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Youth Football Injuries on the Rise, Study Finds

WEDNESDAY, April 13 (HealthDay News) -- New data shows that youth football injuries are on the rise.

The annual number of football injuries among players aged 6 to 17 who were treated in U.S. hospital emergency departments rose 27 percent over 18 years, from 274,094 in 1990 to 346,772 in 2007, the report finds.

During the study period, there were an estimated 5.25 million football-related injuries among youngsters in this age group, according to the researchers at Nationwide Children's Hospital in Columbus, Ohio.

"We found that nearly 2,000 pediatric and adolescent football-related injuries were treated every day in emergency departments during football season," study co-author Lara McKenzie, a principal investigator at Nationwide's Center for Injury Research and Policy, said in a hospital news release. "We need to do a better job of preventing football-related injuries among our young athletes."

The most common types of injuries were sprains and strains (31 percent), fractures and dislocations (28 percent), and soft tissue injuries (24 percent). The researchers also found that there were 8,631 football-related concussions per year.

Players aged 12 to 17 accounted for the majority of injuries (78 percent), and were more likely than younger players to sustain a concussion or be injured at school. Children aged 6 to 11 were more likely to sustain lacerations and were often injured at home.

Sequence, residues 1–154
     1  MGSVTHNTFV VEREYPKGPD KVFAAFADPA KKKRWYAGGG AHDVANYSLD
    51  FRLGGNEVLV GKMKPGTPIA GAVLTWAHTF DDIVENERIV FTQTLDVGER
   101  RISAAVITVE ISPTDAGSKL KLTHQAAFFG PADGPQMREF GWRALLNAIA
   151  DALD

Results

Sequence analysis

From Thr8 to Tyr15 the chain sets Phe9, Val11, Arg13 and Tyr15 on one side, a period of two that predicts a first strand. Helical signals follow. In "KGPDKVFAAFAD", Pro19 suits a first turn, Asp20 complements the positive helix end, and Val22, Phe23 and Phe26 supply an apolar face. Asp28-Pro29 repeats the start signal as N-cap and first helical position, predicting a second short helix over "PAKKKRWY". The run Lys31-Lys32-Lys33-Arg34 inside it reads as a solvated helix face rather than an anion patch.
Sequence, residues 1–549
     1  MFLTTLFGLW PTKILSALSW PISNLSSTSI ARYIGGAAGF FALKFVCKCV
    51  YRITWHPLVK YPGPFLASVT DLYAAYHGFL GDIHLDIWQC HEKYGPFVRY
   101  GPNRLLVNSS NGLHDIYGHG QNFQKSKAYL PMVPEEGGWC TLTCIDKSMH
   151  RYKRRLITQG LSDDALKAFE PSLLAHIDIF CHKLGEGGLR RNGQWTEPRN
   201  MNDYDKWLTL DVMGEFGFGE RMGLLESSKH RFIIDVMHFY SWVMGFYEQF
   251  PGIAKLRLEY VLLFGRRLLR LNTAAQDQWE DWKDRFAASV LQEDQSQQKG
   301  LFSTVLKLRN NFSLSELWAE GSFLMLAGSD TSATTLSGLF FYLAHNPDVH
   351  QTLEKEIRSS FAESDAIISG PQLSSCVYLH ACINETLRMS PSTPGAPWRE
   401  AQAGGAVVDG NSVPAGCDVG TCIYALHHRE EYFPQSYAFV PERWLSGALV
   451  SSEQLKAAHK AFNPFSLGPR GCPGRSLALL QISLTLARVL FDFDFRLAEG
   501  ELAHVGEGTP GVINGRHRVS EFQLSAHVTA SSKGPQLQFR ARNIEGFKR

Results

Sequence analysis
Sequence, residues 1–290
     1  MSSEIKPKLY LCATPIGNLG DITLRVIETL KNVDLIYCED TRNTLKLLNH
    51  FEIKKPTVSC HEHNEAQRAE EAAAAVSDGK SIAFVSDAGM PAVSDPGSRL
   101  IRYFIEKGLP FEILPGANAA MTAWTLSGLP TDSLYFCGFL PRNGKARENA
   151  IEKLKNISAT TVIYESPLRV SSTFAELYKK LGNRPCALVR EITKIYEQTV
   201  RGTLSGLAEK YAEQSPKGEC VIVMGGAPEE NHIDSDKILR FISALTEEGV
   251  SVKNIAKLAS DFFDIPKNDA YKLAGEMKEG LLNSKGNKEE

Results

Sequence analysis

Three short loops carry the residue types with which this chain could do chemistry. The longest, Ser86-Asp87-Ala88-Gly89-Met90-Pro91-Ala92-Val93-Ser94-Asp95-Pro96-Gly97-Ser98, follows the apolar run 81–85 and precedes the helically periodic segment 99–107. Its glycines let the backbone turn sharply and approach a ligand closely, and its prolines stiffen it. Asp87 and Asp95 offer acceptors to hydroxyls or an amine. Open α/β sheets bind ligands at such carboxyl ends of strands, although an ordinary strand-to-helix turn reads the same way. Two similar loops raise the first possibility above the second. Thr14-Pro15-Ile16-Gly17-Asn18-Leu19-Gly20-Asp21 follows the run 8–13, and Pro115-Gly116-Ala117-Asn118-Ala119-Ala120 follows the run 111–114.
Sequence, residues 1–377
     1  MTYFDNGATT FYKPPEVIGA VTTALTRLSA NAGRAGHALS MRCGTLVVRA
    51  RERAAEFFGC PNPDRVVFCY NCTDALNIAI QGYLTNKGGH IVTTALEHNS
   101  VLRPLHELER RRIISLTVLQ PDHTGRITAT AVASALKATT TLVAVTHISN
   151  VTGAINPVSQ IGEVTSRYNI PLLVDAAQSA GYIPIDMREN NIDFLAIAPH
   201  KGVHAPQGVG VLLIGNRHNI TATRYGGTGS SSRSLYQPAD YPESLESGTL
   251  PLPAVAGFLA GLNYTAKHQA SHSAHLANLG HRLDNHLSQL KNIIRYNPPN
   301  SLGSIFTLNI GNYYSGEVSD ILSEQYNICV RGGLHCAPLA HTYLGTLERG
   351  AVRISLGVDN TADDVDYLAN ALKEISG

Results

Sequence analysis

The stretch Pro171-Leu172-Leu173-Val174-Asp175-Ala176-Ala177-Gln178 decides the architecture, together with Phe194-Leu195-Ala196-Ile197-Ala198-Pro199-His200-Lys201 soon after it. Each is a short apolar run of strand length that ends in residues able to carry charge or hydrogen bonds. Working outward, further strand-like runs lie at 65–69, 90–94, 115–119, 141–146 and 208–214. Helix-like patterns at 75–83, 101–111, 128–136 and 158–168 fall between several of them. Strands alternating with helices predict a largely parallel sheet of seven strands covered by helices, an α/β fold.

"Prevention and treatment of concussions are the focus of many discussions at every level of play -- from the junior level all the way up to the National Football League. Our data shows that young athletes are at risk for concussions," McKenzie said. "Every day during football season, an average of fifty-seven 6- to 17-year-olds are treated in U.S. emergency departments for football-related concussions. The potential long-term consequences of this type of injury make this an unacceptably high number."

The study was published in a recent issue of the journal Clinical Pediatrics.

More information

The American Academy of Orthopaedic Surgeons offers football injury prevention tips.

-- Robert Preidt

SOURCE: Nationwide Children's Hospital, news release, April 12, 2011

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